Surface: Why Microsoft's big mystery turns out to be a big mistake

Throw away the kickstand, keyboard and trackpad, and Microsoft's Surface is like every other ARM tablet or Intel Ultrabook-class PC we've seen. When I do my end-of-year "tech flops" round-up, I fully expect Surface tablets to make the list.

Following several days of hype after journalists from around the world were invited to a mysterious "major Microsoft announcement" that they were promised, "you will not want to miss," Microsoft unveils a... tablet.

Oh Microsoft, what were you thinking?

See alsoFinal thoughts on Windows 8: A design disaster

Microsoft Surface tablet (Gallery)

Image Gallery: Microsoft Surface tablet
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Yesterday I posted my thoughts on what needed to be announced at the event if a Microsoft tablet -- at that point we didn't know the specifics -- was going to be a success. What was announced yesterday in Los Angeles doesn't seem to tick any of the boxes.

Let's start with the hardware.

We don't have a lot of information to go on because it seems that Microsoft either wasn't ready to, or wasn't willing to share much about the specs of the hardware it was announcing. That's troubling -- and suggests the hardware may still be in a state of flux.

This would make sense given that Windows 8 and Windows RT -- yes, that's what's going to be powering these tablets -- is still months away.

Here's what we know.

The Microsoft tablet -- called "Surface" -- comes in two flavors. There's an x86-powered version that runs Windows 8 Pro based around an unidentified Intel "Ivy Bridge" Core processor, and an ARM version running Windows RT based on an unidentified ARM processor.

Both have a 10.6-inch screen, with the x86 version running at full-HD (1080p) and the ARM version running at HD (720p). Both are thin, both are light. Both have an integrated kickstand, both have a complement of ports, including a full-sized USB 2.0 port.  (The Pro model has USB 3.0.) Both support storage expansion through the use of micro-SD cards.

In a homage to Apple, both will support a magnetically attachable cover. Unlike the Apple cover, it's a cover with a difference. This cover comes complete with an integrated keyboard and trackpad, which is certainly innovative, but it remains to be seen if this keyboard is any good.

They're just tablets. They're shaped like tablets and have stuff inside them that we've come to expect tablets to have.

There's no word on price beyond a statement from Microsoft saying that they are "expected to be competitive with a comparable ARM tablet or Intel ultrabook-class PC". This puts the ARM version in the $600 price bracket and the x86 in at around $1,000 -- give or take.

Throw away the kickstand, the keyboard and the trackpad and they're like every other ARM tablet or Intel Ultrabook-class PC we've seen so far.

If the mistakes ended there then things might not be so bad. But why stop making mistakes when there's scope to make many more?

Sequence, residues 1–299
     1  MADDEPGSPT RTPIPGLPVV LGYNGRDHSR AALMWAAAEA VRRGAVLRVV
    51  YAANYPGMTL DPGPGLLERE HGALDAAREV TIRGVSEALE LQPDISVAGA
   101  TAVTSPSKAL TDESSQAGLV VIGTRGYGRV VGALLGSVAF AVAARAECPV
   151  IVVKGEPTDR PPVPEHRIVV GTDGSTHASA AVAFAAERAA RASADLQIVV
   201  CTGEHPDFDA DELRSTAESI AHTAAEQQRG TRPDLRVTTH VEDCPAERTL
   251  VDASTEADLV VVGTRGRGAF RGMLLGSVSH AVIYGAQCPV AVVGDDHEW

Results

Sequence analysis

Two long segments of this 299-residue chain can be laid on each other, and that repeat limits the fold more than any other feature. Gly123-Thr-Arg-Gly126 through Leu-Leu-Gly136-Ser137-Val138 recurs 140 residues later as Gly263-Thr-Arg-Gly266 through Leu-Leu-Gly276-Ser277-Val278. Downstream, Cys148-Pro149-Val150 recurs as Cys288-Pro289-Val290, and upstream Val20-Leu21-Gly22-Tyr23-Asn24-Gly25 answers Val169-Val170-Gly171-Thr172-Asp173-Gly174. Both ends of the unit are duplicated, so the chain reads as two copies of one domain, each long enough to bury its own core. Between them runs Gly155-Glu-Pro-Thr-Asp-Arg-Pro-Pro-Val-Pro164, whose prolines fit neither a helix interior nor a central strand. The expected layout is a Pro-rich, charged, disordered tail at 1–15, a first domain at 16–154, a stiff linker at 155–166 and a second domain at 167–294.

Let's start with the mistake of annoying every hardware OEM that Microsoft is relying on to do a good job of pushing Windows 8 out to consumers and enterprise.

While PC OEMs don't really have the option of kicking Windows to the curb and going with another platform -- what, Linux? -- it's a really odd time for Microsoft to start selling branded hardware. The only OEM that's going to be happy here is whoever Microsoft has contracted to build Surface tablets, and if these don't sell well, that happiness could be short-lived.

Then there's the mistake of releasing two near-identical tablets powered by two different operating systems and with two very different set of capabilities. Which one should buyers -- consumers and enterprise alike -- go for?

For the uninformed, price might be the deciding factor, and that could lead them to buy something completely inappropriate for their needs. But if you're trying to make an informed decision then it's tough to know which to go for. And at this stage, that decision is made even harder by the information vacuum surrounding these two devices, especially regarding battery life, and more crucially: price.

Then there's the mistake of announcing this tablet far too soon. With Windows 8 only a matter of months away, I'm stumped as to why Microsoft chose to unveil this now. People have short attention spans. Unless Microsoft can keep up the pressure, Surface will be long forgotten by the time Windows 8 and Windows RT ships.

And what's the deal with the part-cover, part-keyboard? I can understand that Microsoft was looking for something -- no matter how novel or gimmicky -- to differentiate the Surface from other Windows tablets, but that keyboard is an admission of failure.

It tells the world that no matter how much effort Microsoft has put into making Windows 8 ready for tablets, people still need a keyboard and a trackpad. On the flip side, most iPad owners never think about hooking a keyboard up to their tablet; Microsoft feels the need to bundle one with every tablet.

Microsoft's big mystery event turned out to be an announcement for a tablet that won't ship for months, and about which Microsoft doesn't yet seem willing to talk in any detail.

But who invited whom to this event? When I do my usual end of year "tech flops" roundup, I fully expect Microsoft Surface tablets to make their way onto the list.

Image source: CNET, Microsoft.


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